Increased sympathetic tone can have direct deleterious effect within the heart. Alpha receptors within coronary arteries respond to sympathetic stimulation at a variable threshold level with vasoconstriction.2 The resultant coronary artery spasm can induce angina, myocardial ischemia and even infarction. Coronary vasoconstriction may be even more likely in abnormal coronary arteries.3-4 Analgesia may also be more important in the same patients.5 Hypercoagulability has been implicated in the genesis of angina and myocardial ischemia after major surgery.6 Analgesia has been associated with reduction of this hypercoagulability, presumably by prevention of activation of platelets or improved fibrinolysis.6,7

Peripheral Cardiovascular Effects

There are also deleterious peripheral cardiovascular effects in response to acute pain. Sustained acute pain reduces peripheral blood flow. Decreased venous flow causes stasis and ideal conditions for clotting. Venous thrombosis increases significantly.2 Increased venous thrombosis increases thromboembolic complications. Reduced blood flow increases acute thrombosis in peripheral vascular grafts.6 Reduced renal and hepatic blood flow is observed but not associated with organ injury unless pre-existing chronic organ failure exists. Acute pain may impair fibrinolysis7 which further increases the increased risk for proximal lower extremity thromboembolism, known to be highly associated with pulmonary embolism and morbidity.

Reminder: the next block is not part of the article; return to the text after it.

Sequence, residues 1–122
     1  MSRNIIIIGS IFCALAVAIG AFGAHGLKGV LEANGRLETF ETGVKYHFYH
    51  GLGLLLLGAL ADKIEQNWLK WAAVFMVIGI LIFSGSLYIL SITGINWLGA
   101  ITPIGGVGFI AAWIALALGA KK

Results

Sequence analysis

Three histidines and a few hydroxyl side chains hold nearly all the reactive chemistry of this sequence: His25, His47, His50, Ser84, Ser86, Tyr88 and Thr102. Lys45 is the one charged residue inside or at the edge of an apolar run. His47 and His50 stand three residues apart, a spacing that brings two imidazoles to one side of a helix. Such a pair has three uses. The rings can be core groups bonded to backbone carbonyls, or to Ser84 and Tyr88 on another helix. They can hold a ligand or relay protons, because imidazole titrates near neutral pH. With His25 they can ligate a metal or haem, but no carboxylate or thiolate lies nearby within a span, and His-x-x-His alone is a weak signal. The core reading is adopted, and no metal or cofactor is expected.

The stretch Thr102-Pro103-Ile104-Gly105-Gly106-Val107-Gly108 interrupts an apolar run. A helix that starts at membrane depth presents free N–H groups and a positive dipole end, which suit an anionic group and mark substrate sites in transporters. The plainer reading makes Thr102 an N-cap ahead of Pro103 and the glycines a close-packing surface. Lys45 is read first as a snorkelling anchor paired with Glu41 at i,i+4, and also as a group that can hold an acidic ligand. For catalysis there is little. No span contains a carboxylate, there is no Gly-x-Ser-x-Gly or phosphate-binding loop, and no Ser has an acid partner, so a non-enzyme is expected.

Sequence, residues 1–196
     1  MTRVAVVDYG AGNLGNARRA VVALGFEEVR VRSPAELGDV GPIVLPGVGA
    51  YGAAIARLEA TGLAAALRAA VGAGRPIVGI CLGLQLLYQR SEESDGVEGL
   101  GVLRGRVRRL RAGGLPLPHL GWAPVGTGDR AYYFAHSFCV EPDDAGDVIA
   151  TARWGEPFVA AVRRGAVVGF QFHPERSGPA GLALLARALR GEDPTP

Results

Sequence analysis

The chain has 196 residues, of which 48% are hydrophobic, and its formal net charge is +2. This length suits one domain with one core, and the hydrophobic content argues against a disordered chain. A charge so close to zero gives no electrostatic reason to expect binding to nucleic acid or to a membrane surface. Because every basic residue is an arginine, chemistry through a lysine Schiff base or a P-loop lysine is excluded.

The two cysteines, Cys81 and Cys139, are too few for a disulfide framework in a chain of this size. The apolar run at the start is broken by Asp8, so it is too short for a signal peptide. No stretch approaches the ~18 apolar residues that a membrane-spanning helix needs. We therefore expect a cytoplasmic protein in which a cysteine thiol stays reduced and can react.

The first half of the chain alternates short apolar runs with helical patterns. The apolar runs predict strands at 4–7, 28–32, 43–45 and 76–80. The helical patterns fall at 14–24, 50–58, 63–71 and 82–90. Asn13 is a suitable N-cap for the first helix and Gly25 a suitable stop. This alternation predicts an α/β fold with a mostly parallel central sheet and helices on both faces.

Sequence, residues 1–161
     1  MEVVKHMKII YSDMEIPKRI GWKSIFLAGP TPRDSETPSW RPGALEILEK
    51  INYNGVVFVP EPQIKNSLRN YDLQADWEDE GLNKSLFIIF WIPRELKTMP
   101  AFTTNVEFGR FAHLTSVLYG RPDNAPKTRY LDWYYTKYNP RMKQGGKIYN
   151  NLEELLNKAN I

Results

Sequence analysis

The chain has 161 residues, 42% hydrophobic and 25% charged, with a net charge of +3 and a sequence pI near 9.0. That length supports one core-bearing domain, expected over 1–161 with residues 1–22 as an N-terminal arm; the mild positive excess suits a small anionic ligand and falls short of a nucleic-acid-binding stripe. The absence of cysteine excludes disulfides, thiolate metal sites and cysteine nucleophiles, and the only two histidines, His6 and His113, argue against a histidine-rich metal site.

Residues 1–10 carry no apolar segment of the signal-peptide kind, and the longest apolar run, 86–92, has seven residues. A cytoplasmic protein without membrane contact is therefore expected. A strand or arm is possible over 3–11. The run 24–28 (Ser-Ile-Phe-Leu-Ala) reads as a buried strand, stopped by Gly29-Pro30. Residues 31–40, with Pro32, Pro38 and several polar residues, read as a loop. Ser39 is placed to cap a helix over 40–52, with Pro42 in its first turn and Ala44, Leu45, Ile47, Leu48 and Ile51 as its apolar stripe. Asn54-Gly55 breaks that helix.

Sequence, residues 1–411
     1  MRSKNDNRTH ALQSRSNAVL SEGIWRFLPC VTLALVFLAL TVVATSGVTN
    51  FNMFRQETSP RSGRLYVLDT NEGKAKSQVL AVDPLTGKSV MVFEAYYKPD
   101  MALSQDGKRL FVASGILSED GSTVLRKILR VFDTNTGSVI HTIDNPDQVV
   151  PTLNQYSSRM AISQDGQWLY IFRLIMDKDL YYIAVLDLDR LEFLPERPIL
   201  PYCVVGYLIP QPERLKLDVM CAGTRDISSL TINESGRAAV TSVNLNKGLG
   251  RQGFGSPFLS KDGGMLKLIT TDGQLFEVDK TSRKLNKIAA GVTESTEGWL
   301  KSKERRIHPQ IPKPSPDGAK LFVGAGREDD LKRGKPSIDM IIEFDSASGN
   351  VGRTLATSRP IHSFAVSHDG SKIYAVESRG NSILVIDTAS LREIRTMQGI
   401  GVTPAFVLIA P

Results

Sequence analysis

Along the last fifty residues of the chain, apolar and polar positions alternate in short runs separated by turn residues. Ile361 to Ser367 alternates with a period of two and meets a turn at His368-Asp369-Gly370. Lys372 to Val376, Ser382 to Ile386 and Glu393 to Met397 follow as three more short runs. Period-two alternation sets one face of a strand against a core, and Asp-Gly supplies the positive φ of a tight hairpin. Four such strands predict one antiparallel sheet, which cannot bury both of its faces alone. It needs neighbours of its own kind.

Neuroendocrine System Effects

Even more indirect evidence of the effect of severe pain on the cardiovascular system comes from the response of the neuroendocrine system to severe acute pain. The response is multi-factorial but includes cellular, immunological and neuroendocrine consequences. The primary systems that respond to stress are the hypothalamic-pituitary-adrenal axis and activation of the sympathetic nervous system by the adrenal glands. Both result in catecholamine secretion, catabolic hormone secretion, and increased oxygen demand.8 Free fatty acids are increased during stress and also increase myocardial oxygen consumption.9 Thoracic epidural analgesia attenuates pain and reduces the catecholamine surge associated with acute pain.10 Increased sympathetic tone decreases epicardial blood flow by increasing resistance from alpha-receptor stimulation.11 Normal subjects compensate by metabolic messengers, but this can be impaired in patients with coronary artery disease. Paradoxic vasoconstriction can occur in diseased coronaries due to sympathetic stimulation that would produce vasodilation in normal coronaries.12-13 Severe pain activates the stress response2 which increases perioperative cardiac morbidity. Excellent analgesia, however, severely reduces this risk.14

Observations